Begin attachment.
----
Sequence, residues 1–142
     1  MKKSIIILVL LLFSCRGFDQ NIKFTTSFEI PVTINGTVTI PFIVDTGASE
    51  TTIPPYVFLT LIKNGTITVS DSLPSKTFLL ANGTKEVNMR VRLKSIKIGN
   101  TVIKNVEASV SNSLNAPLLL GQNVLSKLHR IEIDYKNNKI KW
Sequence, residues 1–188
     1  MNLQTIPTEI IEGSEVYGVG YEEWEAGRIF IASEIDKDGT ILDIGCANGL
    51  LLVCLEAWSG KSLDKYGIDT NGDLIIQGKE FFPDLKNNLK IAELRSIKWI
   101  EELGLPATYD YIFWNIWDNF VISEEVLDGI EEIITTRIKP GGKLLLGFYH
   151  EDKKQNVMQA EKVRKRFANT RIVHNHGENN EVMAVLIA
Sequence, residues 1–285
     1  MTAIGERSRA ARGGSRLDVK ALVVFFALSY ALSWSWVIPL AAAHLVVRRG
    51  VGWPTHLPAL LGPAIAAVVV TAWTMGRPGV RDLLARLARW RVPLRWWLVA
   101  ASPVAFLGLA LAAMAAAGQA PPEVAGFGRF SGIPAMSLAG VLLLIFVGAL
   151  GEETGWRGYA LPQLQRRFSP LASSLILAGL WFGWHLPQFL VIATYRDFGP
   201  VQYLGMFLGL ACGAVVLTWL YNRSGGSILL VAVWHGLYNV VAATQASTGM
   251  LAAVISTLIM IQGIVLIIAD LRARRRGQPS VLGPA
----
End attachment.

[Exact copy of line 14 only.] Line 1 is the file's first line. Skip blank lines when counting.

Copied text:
   151  GEETGWRGYA LPQLQRRFSP LASSLILAGL WFGWHLPQFL VIATYRDFGP